Now another beast is revealed to John, only this one is distinguished from the previous since he comes out of the earth or land. This completes the trinity of evil - the dragon, the beast out of the sea, and now, the beast out of the earth. The land beast operates under the authority of the sea beast and is totally committed to promoting not himself, but the first beast. The beast out of the land is also called the false prophet in other places in Revelation (16:13; 19:20; 20:10), probably because he promotes the first beast.

10.5.1. His identity

The earth here may represent the land of Palestine (i.e. Israel), suggesting that this leader is a Jew. He has two horns like a lamb, giving the appearance of gentleness and harmlessness, and also suggesting that he impersonates the Lamb of God (i.e. Christ).

10.5.2. His character and deeds

This apostate Jew at first calls on men everywhere to worship the Roman beast. He causes an idolatrous image of the emperor to be placed in the Temple at Jerusalem in the middle of the Tribulation and demands that this idol be worshipped. This second beast has supernatural powers. He can perform miracles, even causing fire to fall from heaven on the earth. The second beast insists that men should indicate their allegiance to the Roman emperor (i.e. the first beast) by wearing the mark of the beast upon their forehead or right hand. In addition to this mark, the beast has a name and a mysterious number 666. Unless a man takes the mark or number of the beast, he will not be able to buy or sell. As a result of the decree to worship the beast and be branded with his mark, multitudes of believers will be killed directly because they do not have the mark and refuse to receive it or because they starve to death since they cannot buy or sell. Some will survive, however, by living off the land or because other believers who have food share with those who do not (cf. Matthew 24:15-25 and 25:31-40).

10.5.3. The mysterious number 666

Endless speculation has centered on this mysterious number 666. Through the God-given ability, the believers who alive during the days of the Anti-christ's reign, will be able to unravel the mystery of the number 666. We have two possible interpretations of the number 666:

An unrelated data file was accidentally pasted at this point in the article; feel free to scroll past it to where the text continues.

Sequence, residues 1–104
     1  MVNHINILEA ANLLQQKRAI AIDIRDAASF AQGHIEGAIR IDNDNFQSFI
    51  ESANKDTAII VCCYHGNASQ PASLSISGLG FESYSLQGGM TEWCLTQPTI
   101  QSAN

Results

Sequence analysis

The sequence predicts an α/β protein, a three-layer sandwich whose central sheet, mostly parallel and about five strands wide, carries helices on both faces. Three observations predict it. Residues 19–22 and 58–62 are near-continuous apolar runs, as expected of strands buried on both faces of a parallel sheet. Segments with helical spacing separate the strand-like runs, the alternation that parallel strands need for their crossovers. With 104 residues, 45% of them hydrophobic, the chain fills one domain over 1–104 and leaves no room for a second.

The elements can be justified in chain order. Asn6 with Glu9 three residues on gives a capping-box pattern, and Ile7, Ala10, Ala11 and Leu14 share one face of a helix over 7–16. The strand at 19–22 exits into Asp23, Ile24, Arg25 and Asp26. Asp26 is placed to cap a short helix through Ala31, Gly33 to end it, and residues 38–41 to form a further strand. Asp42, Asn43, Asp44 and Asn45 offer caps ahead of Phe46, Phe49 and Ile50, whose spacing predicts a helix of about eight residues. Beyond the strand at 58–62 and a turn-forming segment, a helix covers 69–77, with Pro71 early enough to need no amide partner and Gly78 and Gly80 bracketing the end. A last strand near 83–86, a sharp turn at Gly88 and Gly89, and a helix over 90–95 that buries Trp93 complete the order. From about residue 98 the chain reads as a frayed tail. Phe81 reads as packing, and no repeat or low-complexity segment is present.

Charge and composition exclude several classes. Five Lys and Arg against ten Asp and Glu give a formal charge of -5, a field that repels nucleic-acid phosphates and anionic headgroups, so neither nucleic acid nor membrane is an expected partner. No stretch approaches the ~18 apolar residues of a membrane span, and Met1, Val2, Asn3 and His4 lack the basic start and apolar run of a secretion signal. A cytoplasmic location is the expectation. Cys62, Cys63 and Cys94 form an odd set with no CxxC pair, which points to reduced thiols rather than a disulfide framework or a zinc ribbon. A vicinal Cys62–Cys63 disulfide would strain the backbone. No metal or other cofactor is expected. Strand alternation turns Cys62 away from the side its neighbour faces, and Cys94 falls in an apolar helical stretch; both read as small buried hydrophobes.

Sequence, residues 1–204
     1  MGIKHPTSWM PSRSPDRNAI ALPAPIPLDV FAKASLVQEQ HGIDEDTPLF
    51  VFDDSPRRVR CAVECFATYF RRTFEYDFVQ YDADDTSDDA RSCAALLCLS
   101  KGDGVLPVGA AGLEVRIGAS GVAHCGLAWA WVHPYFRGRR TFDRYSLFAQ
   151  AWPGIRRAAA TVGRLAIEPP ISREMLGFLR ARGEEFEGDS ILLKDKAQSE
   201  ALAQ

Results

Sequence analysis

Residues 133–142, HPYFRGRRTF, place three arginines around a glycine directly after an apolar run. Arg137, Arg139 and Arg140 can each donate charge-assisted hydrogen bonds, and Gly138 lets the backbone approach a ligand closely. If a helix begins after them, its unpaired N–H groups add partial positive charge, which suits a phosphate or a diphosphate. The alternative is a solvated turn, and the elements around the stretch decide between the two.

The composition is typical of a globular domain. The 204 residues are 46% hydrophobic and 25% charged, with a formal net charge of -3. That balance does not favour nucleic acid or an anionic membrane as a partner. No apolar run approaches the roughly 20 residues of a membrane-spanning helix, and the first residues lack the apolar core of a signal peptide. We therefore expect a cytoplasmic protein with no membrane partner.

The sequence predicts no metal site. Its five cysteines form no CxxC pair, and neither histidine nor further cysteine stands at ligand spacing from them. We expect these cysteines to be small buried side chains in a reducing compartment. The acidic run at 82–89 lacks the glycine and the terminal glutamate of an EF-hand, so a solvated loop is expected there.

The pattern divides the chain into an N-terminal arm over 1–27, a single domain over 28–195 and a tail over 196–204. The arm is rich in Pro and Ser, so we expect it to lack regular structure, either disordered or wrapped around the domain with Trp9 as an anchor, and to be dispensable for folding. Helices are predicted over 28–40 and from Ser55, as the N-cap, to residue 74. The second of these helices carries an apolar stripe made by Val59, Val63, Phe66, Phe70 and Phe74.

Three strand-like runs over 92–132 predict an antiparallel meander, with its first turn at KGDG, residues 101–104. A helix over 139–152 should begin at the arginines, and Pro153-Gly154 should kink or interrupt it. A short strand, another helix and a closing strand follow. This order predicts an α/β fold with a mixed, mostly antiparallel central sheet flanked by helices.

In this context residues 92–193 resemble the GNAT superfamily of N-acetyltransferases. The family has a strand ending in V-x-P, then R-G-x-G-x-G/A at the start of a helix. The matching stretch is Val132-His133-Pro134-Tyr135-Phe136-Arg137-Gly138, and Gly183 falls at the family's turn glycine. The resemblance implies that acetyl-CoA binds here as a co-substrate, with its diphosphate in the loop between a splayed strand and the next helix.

1.   John regularly uses numbers symbolically. The triple six has each digit falling short of the perfect number "seven" and so is the number of a man. The number 666 represents a false Trinity of the God. The first digit 6 represents the false God the Father (Satan), the second digit 6 represents the false God the Son (The Anti-christ) and the third digit 6 represents the false God the Holy Spirit (The False Prophet). This solution, however, falls short on two counts. It ignores the command to "count", and it overlooks the writer's intention that the number be understood well enough to identify an individual from it.

2.   The word "calculate" is the Greek psefizo, "to count, compute." This word was used of calculating the numerical value of a word or number. That is to say, the way to identify the beast is by counting. Ancient languages, including Hebrew, Greek and Latin use standard letters from their alphabet as numerical signs. For example, alpha (α) in Greek stands for 1; beta (β) for 2; iota (ι) for 10; iota alpha (ια) for 11; and iota beta (αβ) for 12. The Hebrew alphabet also had numerical value. Alef (א) stands for 1; bet (ב) stands for 2; gimel (ג) for 3 and so on. Thus, a series of letters could form a word, and at the same time indicate a number. See below table:

「greek english transliteration table」的圖片搜尋結果

However, the identity of the person represented by the number 666 should not be a subject of speculation until that person arrives on the earthly scene.

10.6. The woman on the beast (Revelation 17)

At the opening of Revelation 17, John is invited to view the destruction of a great harlot. This is a great religious system that includes all apostate Christendom and world religions. This false religious system is characterized as a harlot because she is unfaithful to the Lord Jesus. The great harlot (i.e. false religious system) is the "mother of harlots" because she will incorporate various denominations and religious groups (Revelation 17:9-10).

When genuine faithful believers are taken to heaven in the Rapture before the Tribulation begins, religion does not disappear from the earth. Indeed, it will flourish under this unfaithful religious system for the first half of the Tribulation, until destroyed by the Anti-christ at the mid-point of the Tribulation. Professing Christians (i.e. false Christians) who will not be raptured will remain on earth to form the base of this religious system. Tribulation saints, of course, will oppose this false religious system.